Illustration of the main steps in dPDM. (a) Illustration of the linear search to find the interval p such that the global time of firing (initiation) of the next reaction . In this figure, the number of pending reactions Δ = 6. (b) Illustration of the partial-propensity structure and the grouping based on the index of the common factored-out reactant. The group index I of the next reaction is sampled using linear search over the total propensities of the groups, . The element index J within the selected group is found using linear search over the partial propensities stored in group I.
Computational cost of dPDM (squares) and dDM (circles). The average (over 100 independent runs) CPU time Θ per reaction initiation (i.e., the average time to execute steps 2–7 in Table II for dPDM, and Table I for dDM) is shown as a function of the number of species N in the reaction network. (a) Logarithmic plot of Θ(N) for the strongly coupled colloidal aggregation model, considering systems of size up to N = 320. Θ is O(N) for dPDM and for dDM. (b) Linear plot of Θ(N) for the strongly coupled colloidal aggregation model, considering systems of size up to N = 2000 (2 million reactions). While the scaling of the computational cost remains linear for all system sizes tested, the slope increases around N = 1000. This is the system size beyond which the partial-propensity structure does not fit into the computer's cache memory any more. (c) Linear plot of Θ(N) for the weakly coupled cyclic chain model. The solid lines are linear least square fits. Θ is O(N) for both dPDM and dDM, but with a smaller slope for dPDM.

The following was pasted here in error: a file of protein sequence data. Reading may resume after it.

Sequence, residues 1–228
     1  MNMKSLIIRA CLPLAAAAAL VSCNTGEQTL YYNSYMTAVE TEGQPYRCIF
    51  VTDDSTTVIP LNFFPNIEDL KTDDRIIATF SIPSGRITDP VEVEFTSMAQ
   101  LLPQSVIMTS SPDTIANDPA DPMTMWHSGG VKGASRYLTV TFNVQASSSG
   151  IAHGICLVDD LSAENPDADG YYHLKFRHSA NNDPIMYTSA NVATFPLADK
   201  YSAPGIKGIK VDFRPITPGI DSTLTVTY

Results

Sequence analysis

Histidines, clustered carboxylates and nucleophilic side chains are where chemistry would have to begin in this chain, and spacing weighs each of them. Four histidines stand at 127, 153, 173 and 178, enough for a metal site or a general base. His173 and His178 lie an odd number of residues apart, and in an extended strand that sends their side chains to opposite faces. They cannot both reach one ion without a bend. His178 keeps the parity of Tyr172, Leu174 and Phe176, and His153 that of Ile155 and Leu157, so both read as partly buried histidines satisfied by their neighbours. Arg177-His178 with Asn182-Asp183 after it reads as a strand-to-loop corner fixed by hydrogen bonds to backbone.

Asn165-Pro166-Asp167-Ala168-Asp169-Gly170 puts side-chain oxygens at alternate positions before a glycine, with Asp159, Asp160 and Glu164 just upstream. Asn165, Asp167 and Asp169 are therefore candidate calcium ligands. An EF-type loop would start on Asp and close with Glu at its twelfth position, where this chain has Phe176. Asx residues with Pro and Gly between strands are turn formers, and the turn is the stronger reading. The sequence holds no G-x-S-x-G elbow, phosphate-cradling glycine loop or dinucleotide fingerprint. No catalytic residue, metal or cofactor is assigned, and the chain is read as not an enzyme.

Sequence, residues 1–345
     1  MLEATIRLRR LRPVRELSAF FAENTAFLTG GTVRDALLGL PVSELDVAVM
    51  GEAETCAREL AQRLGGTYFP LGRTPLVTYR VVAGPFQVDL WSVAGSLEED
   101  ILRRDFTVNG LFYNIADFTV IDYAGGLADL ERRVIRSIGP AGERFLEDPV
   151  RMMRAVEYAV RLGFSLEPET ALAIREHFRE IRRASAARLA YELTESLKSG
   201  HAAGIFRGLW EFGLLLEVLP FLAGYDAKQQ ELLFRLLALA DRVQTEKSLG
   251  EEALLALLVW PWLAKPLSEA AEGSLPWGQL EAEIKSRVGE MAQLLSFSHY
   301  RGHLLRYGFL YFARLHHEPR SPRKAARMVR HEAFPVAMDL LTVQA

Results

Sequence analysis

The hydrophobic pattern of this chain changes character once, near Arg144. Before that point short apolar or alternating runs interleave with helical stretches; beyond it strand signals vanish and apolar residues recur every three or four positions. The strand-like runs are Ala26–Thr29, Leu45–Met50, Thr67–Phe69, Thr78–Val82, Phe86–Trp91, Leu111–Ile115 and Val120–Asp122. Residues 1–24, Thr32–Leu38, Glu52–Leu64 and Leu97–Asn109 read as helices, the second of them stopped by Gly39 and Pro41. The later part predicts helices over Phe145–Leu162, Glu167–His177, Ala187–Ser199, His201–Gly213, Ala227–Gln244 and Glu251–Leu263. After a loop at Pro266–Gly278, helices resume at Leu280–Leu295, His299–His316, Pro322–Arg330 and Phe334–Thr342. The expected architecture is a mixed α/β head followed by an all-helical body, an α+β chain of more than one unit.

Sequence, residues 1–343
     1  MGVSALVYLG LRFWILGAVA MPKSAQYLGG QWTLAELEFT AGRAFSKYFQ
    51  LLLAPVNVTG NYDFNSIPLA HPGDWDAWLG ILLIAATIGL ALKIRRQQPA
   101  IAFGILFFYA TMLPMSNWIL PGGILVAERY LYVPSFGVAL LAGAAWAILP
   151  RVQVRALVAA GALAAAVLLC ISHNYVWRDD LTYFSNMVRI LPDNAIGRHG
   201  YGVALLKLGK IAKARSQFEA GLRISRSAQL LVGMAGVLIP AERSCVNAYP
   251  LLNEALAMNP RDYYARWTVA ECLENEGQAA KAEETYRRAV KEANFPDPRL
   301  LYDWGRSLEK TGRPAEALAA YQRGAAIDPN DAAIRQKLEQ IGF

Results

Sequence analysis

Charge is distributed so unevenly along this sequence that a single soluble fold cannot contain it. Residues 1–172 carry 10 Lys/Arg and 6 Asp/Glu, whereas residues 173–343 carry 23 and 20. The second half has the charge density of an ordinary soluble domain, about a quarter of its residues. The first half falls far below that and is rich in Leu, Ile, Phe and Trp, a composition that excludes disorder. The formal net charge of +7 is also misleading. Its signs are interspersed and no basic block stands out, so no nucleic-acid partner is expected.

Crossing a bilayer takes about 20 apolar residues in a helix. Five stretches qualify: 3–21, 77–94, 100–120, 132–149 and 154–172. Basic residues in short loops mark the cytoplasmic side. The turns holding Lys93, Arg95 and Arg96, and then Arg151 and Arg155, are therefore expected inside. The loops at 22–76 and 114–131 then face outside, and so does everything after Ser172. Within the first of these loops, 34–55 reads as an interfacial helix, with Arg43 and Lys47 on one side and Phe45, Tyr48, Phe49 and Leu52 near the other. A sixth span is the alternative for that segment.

Outline of the algorithm for the delay direct method (dDM) with global times. We only give the main steps and refer to the original publication for the detailed substeps (Ref. 13).
Detailed algorithm for the delay partial-propensity direct method (dPDM), explicitly describing all substeps.
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